There are now easy, quick and inexpensive ways to buy and sell shares, many of which can be done remotely (i.e. without meeting the broker). Here we have a look at some of the key distinctions in Stock Brokers and some of the key things to bear in mind when making a decision.
Depending on the level of dealing you're thinking of, and your confidence in your information and judgment, there are broadly three types of service available.
If you're looking for a degree of involvement with the company you own the shares in, a typical execution account may not be sufficient. The traditional concepts of receiving a share certificate, being added to the list of shareholders and being invited to the AGM (Annual General Meeting) are no longer present for these types of arrangements. Instead, the shares are held in a nominee account, along with all the other shareholders using the same broker. It is the broker's name on the shareholder's list. All corporate actions are dealt with via the broker and may be charged for, including your vote at an AGM. The other advantage is that you don't have to trade your shares through the same broker when you decide to sell.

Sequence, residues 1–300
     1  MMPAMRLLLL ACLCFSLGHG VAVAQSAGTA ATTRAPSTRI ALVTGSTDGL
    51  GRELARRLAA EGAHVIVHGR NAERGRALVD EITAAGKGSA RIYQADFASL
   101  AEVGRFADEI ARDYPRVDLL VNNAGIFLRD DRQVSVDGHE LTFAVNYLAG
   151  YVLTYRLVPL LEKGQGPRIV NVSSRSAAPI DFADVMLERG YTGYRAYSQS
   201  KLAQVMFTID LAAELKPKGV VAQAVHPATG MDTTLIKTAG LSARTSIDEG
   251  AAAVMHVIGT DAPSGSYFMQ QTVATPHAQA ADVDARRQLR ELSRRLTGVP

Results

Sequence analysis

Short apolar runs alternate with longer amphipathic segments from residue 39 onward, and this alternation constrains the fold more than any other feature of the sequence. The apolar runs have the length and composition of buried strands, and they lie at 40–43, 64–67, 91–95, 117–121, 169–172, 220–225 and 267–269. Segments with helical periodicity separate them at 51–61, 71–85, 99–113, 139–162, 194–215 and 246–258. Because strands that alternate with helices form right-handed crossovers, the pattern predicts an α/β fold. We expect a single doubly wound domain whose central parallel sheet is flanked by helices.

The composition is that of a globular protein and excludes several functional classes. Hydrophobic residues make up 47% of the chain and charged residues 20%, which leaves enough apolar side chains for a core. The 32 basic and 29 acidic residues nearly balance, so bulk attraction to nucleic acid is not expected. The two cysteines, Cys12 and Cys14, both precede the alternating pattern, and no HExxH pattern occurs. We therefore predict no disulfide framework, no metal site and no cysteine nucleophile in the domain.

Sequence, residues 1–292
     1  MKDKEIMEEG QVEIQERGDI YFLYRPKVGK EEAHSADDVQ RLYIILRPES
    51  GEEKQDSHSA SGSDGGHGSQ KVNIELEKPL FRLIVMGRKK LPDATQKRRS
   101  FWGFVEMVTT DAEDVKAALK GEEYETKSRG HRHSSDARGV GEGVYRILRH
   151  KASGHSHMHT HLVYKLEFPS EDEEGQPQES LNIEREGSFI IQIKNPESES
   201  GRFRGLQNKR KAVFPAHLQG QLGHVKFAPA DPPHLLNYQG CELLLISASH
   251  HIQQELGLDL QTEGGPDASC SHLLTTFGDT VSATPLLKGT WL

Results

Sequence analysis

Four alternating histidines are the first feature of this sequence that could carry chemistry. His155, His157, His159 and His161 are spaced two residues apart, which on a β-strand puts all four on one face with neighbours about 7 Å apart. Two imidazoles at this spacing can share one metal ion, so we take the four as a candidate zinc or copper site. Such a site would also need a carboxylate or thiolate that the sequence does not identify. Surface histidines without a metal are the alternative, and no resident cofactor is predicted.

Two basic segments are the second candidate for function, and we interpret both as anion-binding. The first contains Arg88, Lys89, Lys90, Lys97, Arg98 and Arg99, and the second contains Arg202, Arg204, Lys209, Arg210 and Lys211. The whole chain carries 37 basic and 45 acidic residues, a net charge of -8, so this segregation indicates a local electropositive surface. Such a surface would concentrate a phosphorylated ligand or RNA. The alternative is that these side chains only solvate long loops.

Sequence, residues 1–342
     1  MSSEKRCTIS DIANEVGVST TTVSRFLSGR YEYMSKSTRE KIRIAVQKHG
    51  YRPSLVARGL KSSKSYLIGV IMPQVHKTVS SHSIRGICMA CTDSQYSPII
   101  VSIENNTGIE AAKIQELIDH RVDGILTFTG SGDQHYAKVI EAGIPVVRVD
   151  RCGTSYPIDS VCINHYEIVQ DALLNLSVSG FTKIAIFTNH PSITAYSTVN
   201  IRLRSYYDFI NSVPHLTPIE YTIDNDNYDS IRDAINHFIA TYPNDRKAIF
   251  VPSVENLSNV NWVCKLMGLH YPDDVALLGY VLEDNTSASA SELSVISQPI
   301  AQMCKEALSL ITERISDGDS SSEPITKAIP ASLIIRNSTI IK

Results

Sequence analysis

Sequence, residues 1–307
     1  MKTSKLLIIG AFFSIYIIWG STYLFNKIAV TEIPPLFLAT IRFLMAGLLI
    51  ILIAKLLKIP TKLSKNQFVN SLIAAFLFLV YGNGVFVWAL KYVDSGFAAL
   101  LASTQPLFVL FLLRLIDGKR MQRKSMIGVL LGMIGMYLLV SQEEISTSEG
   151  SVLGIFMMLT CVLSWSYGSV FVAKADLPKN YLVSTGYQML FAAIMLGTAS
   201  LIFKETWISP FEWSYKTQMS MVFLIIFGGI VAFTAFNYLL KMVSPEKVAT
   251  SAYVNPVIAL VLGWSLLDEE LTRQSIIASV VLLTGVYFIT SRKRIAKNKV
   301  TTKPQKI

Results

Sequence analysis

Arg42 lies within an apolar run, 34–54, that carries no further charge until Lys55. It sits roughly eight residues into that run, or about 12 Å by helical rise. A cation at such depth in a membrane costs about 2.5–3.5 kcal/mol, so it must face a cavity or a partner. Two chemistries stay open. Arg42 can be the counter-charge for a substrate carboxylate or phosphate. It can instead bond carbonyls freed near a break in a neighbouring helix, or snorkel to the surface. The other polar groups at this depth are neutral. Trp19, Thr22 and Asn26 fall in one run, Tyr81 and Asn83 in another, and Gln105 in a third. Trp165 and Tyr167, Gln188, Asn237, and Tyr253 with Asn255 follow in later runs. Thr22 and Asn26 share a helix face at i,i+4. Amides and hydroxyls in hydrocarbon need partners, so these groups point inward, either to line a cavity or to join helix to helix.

The most popular way of "execution" type trading is now via the Internet. This allows instant trading (in contrast to the often long settlement time of certificate type dealing) and you can even send your instructions when the markets are closed for your trader to deal when they reopen. It is also worth bearing in mind that many online brokers offer standard stock advice on their website, as part of your standard service, meaning it can be a good initial way of testing the water of trading.
Consider the level and type of involvement you want with your shares before you start trading. Once you know what type of service you're looking for, it can be easier to check the charges involved and compare between different brokers. A good starting point for this can be a name you're already familiar with elsewhere, such as your bank, and comparing others from there.